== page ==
The Early Hours Presents: Truemarmalade aka Erik Binggeser

The last interview for February comes from someone I've known for a long time, but still haven't met - Truemarmalade aka Erik Binggeser (we need to change that, since we now live in the same city now after meeting online around 12 years ago). I'm not surprised we haven't met, honestly, because we both have similar personalities - you know, the "I'm going to lock myself inside and work for 12 hours straight because I want to" type. We met through an art forum, when I was just starting to get back into creative work as a teen.  

I was following along as Erik was producing these insane stencils - huge, bed-sheet sized half tone photographic stencils comprised of thousands and thousands of tiny squares or shapes. He would grind them out at an incredible pace with a method most would never try - he would cut one stencil, spray it onto paper, look for any problem areas, and cut it again - all over again. If you've ever worked on detailed, multi layer or super intricate stencils, this is enough to make your hand start cramping and your eyes blurry. 

I recently reconnected with Erik, who's still making quality work but has also become incredibly involved in the ATX cycling scene. He documents events on his instagram @truemarmalade, as well as some epic rides through incredibly hilly terrain. Check out his graphic design work here, and enjoy the following...

1. Time is the most valuable resource. Do you agree or disagree, and why? 

I've been thinking about this more and more lately due to a long distance relationship ending because of the lack of bandwidth we had for each other. Time really is the one resource that every issue can be reduced down to. We might be wanting time to slow down so that there is longer to spend working on something that you care about. Alternatively someone could be praying that everything moves as fast as possible so that you can recover from a broken heart. 

2. How DO you spend your time? 

Lately it feels as though I've been wasting my time. Caring too much about certain things, caring too less about certain people. I am absolutely in some sort of in-between depressed phase of whatever this early 30's time is supposed to be like. I spend far too much time thinking about things to do rather than doing them, unfortunately.
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3. Ideally, how WOULD you spend your time, if money were not an issue? 

I would spend a lot less time being stressed, that's for goddamn sure! Increased cruising around on bikes, planning photo projects, maybe some traveling even though I am far more a materials person than an experiential one. People and places let me down far more often than my bike do.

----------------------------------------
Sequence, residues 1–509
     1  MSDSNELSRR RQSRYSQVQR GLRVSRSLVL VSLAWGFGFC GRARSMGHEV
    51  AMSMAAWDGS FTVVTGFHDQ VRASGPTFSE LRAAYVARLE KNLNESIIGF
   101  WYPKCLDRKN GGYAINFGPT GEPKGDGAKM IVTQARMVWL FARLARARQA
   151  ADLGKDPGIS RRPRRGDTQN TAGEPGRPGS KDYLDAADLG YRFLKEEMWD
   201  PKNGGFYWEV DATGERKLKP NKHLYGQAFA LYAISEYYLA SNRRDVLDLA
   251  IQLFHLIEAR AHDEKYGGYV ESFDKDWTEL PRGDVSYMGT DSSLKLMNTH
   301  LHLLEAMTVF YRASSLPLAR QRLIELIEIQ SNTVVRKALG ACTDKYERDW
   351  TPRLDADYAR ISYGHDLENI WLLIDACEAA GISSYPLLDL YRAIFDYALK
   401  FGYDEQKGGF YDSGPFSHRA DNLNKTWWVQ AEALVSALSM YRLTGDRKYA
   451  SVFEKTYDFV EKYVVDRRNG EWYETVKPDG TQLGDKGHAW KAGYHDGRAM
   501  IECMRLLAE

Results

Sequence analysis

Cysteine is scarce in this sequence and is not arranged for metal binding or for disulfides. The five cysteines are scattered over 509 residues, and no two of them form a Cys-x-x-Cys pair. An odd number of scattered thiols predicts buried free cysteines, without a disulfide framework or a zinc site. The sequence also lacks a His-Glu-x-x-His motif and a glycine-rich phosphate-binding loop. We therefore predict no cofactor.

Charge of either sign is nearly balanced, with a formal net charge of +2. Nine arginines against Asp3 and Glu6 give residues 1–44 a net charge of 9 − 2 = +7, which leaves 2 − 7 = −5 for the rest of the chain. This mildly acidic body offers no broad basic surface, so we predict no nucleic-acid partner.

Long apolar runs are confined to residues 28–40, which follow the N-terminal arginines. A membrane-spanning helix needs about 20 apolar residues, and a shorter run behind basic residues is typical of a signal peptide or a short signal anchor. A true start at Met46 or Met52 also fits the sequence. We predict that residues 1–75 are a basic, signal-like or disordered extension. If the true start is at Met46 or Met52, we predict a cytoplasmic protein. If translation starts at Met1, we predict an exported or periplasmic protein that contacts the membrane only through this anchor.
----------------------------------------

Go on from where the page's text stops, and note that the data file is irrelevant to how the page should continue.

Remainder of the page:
4. How do you plan to get from where you are, to where you want to be? 

Therein lies the master problem, doesn't it? We never know where the inspiration for change comes from and sometimes we barely notice once it has arrived. Trying to keep an open mind, trying to not lose hope, trying to not sound so melodramatic like it's high school and I'm still listening to Dashboard Confessional.

5. What is the one biggest time wasting habit or thing you endure in your life? Could you reduce the impact of this if you wanted to spend the time doing something productive instead?

I wish it were as easy to identify as something like 'call of duty' or 'daily commute' but it really is hard to define like porn, you just know it when you see it. Constructing a daily routine even without a career requiring it may be a good first step to help me in feeling as though my life is somewhat on track. Wake up at the same time, consistent breakfast, work out for X hours a day, consume inspiration while I drink an afternoon coffee, etc.

6. What one thing do you indulge in that takes significant amounts of time that others might see as a waste, but you see as a blessing or integral part of your life?  

It feels absurd even typing this out, but Pokemon Go has been a huge part of my life since it came out this summer. Since July I have walked more than 900km purely due to the game incentivizing it. The game catches on to some deep-set childish craving in the same way that dorking around on my skateboard still does. Austin also has a pretty solid scene with a community of players working together to research the meta-game of it all.

Thanks for following along with this interview series and be sure to check back for the others, we've got some great ones already posted. If you're looking for some new gear, be sure to check out today, and check back here next week for more.